Low trabecular bone score in adolescent female inpatients with anorexia nervosa

Yael Levy-Shraga, Liana Tripto-Shkolnik, Dana David, Iris Vered, Daniel Stein, Dalit Modan-Moses

Research output: Contribution to journalArticlepeer-review

14 Scopus citations


Background & aims: Trabecular bone score (TBS) is an emerging technology that provides information regarding bone microarchitecture. A recent study showed that in healthy girls normal TBS (≥1.35) was achieved within the first year post-menarche. The aims of our study was to assess TBS in adolescents with anorexia nervosa (AN) and to evaluate correlations with clinical, laboratory and densitometric variables. Methods: A cohort study of 208 adolescent females (mean age 15.6 ± 1.8 y) hospitalized because of AN between 2003 and 2017 was retrospectively assessed. Demographic and clinical data, including age, weight, height, body mass index (BMI), laboratory parameters and bone mineral density (BMD) measurements by dual-energy X-ray absorptiometry (DXA) were retrieved from the medical charts. Bone mineral apparent density (BMAD) was calculated for each participant. TBS was assessed by reanalyzing DXA spinal images. Results: Mean TBS was 1.308 ± 0.083, lower than the values previously described in healthy adolescents (p < 0.001). Compromised microarchitecture was found in 17 participants (8.2%) and partially compromised in 123 (59.1%). TBS was significantly correlated with age, weight standard deviation score (SDS), BMI SDS, BMD measurements of the lumbar spine and total body, BMAD, BMAD Z-score, luteinizing hormone (LH) and 17b-estradiol (E2) level, and was negatively correlated with cortisol (p = 0.017). Participants with regular menstruation or secondary amenorrhea had higher TBS than participants who were pre-menarche or with primary amenorrhea (p < 0.001). A stepwise linear regression analysis identified BMD L1-4 Z-score and log E2 as independent predictors of TBS. Conclusion: TBS of adolescent females with AN was found to be lower than TBS of healthy adolescents. Prospective longitudinal studies should be undertaken to investigate whether recovery may result in correction of bone microarchitecture.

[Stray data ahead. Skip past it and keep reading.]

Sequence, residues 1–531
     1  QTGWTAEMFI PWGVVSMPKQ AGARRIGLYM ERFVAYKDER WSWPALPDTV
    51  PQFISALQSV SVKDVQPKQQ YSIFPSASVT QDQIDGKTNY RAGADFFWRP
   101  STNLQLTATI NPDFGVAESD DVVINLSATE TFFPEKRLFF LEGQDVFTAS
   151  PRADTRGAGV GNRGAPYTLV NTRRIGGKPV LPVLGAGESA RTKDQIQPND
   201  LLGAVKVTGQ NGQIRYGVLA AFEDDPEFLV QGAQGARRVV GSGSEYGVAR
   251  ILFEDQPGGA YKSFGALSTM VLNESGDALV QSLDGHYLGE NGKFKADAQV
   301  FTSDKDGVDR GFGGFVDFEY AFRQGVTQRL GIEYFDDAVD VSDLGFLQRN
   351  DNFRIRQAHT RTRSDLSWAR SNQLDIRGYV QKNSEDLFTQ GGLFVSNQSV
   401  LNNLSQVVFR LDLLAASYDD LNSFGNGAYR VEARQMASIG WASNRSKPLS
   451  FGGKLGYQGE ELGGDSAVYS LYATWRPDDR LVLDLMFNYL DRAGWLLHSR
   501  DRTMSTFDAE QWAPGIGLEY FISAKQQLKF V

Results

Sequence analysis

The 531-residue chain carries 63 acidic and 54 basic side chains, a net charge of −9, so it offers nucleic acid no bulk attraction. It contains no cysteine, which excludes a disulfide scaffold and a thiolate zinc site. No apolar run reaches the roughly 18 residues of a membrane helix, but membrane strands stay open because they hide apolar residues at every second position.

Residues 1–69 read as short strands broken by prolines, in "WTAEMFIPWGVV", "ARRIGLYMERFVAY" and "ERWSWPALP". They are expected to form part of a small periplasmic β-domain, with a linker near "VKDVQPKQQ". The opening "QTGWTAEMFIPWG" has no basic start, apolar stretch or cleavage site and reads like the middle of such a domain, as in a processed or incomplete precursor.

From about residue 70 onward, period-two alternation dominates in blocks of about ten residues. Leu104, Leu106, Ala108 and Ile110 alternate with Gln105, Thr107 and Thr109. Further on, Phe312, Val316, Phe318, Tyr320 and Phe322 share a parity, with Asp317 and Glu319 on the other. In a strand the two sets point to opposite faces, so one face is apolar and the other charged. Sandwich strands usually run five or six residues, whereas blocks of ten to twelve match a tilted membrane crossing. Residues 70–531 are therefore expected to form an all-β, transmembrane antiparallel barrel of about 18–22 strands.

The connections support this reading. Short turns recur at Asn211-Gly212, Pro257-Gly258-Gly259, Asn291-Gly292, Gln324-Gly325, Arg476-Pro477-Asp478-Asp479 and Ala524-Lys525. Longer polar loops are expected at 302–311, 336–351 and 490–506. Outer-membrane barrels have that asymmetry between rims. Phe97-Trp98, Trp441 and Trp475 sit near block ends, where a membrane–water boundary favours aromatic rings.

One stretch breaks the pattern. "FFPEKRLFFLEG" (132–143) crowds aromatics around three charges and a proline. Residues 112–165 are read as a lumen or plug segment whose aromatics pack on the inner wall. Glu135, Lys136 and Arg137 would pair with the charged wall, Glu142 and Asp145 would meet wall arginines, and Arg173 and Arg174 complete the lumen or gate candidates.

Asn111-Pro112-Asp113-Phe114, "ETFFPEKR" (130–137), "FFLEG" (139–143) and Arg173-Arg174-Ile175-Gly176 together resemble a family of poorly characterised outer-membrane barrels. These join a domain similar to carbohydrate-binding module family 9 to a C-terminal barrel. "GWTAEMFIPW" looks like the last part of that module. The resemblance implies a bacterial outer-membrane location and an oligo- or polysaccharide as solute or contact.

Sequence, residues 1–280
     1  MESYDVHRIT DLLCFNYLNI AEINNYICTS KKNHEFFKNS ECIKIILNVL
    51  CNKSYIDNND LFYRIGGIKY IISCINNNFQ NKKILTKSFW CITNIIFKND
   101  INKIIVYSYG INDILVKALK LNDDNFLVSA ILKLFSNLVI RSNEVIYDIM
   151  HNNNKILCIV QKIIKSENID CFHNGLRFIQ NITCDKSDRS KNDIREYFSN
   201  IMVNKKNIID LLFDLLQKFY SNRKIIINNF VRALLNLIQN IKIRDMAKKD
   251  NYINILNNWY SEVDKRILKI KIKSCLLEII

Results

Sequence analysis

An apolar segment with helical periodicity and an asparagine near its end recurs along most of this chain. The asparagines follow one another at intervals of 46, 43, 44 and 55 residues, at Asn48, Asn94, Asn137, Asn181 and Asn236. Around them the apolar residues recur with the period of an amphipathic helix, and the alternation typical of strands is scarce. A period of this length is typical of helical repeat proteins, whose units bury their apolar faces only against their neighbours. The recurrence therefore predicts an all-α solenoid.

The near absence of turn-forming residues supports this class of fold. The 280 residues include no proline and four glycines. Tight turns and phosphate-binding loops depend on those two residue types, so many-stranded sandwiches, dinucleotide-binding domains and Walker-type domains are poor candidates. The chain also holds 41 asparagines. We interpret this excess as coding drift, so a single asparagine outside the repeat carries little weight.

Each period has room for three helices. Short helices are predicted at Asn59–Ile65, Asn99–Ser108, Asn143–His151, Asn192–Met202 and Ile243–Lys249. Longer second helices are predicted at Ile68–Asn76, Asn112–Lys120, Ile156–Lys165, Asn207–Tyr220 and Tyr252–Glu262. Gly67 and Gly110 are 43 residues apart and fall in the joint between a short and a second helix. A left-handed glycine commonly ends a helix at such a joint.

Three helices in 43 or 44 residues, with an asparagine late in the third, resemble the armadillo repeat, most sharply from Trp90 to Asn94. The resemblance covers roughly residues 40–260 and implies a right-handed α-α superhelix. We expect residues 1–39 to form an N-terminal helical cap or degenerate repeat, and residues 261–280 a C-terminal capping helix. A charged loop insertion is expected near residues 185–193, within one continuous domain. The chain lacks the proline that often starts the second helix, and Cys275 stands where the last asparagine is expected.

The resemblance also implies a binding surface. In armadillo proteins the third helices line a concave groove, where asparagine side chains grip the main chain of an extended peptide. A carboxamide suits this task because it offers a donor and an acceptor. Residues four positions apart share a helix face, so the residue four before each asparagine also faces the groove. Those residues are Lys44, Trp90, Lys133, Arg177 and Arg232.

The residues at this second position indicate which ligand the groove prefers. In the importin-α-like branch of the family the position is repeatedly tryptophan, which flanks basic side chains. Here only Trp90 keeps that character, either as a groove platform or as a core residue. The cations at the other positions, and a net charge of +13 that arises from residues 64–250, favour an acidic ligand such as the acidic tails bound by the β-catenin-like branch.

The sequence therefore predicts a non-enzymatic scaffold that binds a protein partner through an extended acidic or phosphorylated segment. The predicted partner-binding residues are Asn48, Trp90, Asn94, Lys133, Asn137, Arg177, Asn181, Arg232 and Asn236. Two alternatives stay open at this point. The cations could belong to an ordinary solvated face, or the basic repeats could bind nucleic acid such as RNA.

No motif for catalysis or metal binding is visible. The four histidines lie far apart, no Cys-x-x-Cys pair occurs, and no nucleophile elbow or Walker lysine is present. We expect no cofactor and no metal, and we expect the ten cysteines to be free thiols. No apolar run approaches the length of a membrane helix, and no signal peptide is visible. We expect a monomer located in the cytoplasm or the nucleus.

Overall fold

Original languageEnglish
Pages (from-to)1166-1170
Number of pages5
JournalClinical Nutrition
Issue number3
StatePublished - Jun 2019
Externally publishedYes


  • Adolescents
  • Anorexia nervosa
  • Bone density
  • TBS


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